A recent study by the Fawcett Society has revealed that women face a bias when venturing through the election process.
My heart sunk when I read the headline of yesterday’s Financial Times article- “Women seeking selection to be MPs face bias, finds study“. Delving into the report from the Fawcett Society, it became clear that in today’s society women are still facing gender discrimination when going through the candidate selection process.
Not only is there difficulty with the selection process, but the report shows that many female candidates are also facing abuse from the ‘media, the public and members of their own party‘. I think we can agree that this is unsurprising and becoming far too common. We all know that running for parliament can be a lengthy and costly process, and most of the time it is still all about who you know, and how far your connections can get you. It is still ‘who you know, not what you know’.
The report shows that abuse and bias, despite our best efforts, is shamefully still present. In the selection process, women are often asked questions about their marital status and children. Questions that men of equal age or education simply are not asked. And this is not ok.
“Numerous interviewees have had to deal with suspicion- if they’re younger, they suspicion that they will have children on the campaign trail and/or in office; if they’re older, the sucpision that their children will prove a distraction. Or, if they don’t have children, the suspicion that this in tur will play badly with voters.”
Women are facing bias based on their gender. This is not opinion, but fact. Too often you find, most typically men, arguing that this simply does not happen, but it does. It is too often the case that women are questioned, ‘how will your husband cope with the children?‘. Just as well as their mother would is the obvious answer, and yet some still struggle to comprehend this. Upon selection, one Conservative candidate was told by a member of the local association that “all the female candidates had great legs“. This is unsurprising to me, because not only have I witnessed these kinds of comments first hand, I was once told I am just a pretty face for pictures. We have seen it with high profile politicians, like the Prime Minister and the Scottish First Minister, who were accompanied on the front page of the Daily Mail with the headline “Never mind Brexit, who won Legs-it!”.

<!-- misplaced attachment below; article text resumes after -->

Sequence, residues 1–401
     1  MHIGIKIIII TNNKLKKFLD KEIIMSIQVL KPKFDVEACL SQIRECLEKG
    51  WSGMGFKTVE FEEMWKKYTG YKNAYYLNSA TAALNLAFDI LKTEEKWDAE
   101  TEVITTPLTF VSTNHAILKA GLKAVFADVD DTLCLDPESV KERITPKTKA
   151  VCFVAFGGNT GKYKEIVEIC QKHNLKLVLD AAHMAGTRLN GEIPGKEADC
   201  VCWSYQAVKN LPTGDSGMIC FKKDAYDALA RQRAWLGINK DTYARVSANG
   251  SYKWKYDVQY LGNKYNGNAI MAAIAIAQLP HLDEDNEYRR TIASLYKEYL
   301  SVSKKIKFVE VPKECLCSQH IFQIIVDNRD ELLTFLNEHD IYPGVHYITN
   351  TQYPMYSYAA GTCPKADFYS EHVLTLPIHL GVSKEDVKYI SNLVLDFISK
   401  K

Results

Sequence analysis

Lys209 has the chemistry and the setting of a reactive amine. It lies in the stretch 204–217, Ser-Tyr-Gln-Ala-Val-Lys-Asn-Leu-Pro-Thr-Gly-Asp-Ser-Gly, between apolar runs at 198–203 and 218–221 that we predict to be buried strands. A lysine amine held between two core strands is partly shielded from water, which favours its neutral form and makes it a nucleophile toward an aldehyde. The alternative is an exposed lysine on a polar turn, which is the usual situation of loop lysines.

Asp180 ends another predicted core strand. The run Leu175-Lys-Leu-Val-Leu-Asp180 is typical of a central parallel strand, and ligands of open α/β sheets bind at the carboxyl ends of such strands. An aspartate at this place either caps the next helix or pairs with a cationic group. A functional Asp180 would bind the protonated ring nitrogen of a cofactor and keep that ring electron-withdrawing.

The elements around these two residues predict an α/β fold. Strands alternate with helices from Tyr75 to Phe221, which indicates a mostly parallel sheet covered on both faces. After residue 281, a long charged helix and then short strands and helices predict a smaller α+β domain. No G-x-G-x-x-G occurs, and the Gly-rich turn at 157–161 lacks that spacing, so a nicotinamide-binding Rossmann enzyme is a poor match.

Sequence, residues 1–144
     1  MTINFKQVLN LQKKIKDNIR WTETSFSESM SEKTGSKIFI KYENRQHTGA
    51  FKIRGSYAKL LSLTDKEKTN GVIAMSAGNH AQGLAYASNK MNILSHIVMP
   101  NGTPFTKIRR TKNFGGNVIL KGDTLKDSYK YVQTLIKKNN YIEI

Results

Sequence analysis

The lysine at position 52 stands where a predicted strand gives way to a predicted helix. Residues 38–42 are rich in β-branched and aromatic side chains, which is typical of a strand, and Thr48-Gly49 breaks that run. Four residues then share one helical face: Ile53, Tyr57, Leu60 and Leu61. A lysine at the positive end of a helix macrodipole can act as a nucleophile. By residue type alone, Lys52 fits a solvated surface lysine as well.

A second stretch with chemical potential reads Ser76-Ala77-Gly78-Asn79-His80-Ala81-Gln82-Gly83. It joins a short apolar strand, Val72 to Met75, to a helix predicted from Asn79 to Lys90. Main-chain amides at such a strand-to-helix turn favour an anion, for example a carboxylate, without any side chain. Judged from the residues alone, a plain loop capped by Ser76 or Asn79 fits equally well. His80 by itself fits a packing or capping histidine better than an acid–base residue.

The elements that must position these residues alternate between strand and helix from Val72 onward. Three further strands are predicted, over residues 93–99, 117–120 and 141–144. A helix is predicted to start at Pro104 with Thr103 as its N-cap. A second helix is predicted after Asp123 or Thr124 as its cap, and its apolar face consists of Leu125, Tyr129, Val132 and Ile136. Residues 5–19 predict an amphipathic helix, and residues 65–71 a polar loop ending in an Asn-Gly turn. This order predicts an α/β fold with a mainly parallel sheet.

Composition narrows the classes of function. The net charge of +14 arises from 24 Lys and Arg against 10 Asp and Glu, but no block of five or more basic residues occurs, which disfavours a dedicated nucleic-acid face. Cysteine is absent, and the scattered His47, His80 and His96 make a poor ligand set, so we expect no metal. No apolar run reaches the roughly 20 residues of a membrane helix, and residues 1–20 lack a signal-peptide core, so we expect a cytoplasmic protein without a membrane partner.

“This report reveals how much further we need to go in order to open up politics and tear down the barriers that have discouraged so many women from standing” – Dawn Butler
This bias is found on both sides of the house, a female Labour candidate was asked by party members how she would be able to do the job if she “met someone and decided to have children“. It is absurd that something I thought to be a thing of the past, still occurs today. Women make up around half of the U.K population, we are a diverse nation, but our parliament is not.
In an attempt to ensure more representation is seen in the house, the Conservative party announced plans in August with a target to make the candidate lists a 50/50 split. However, it is not the party itself that needs to change, but the members within it. I may sound like a broken record when I say that women are just as capable as men in work, whether in an office, classroom or even Parliament, women do not struggle to maintain their capabilities in work, but I will continue to say this until I know the message has sunk in.
If we do not improve the selection process, then we will not get the vital representation needed in parliament to best correspond to the needs of every gender, creed and colour in the U.K.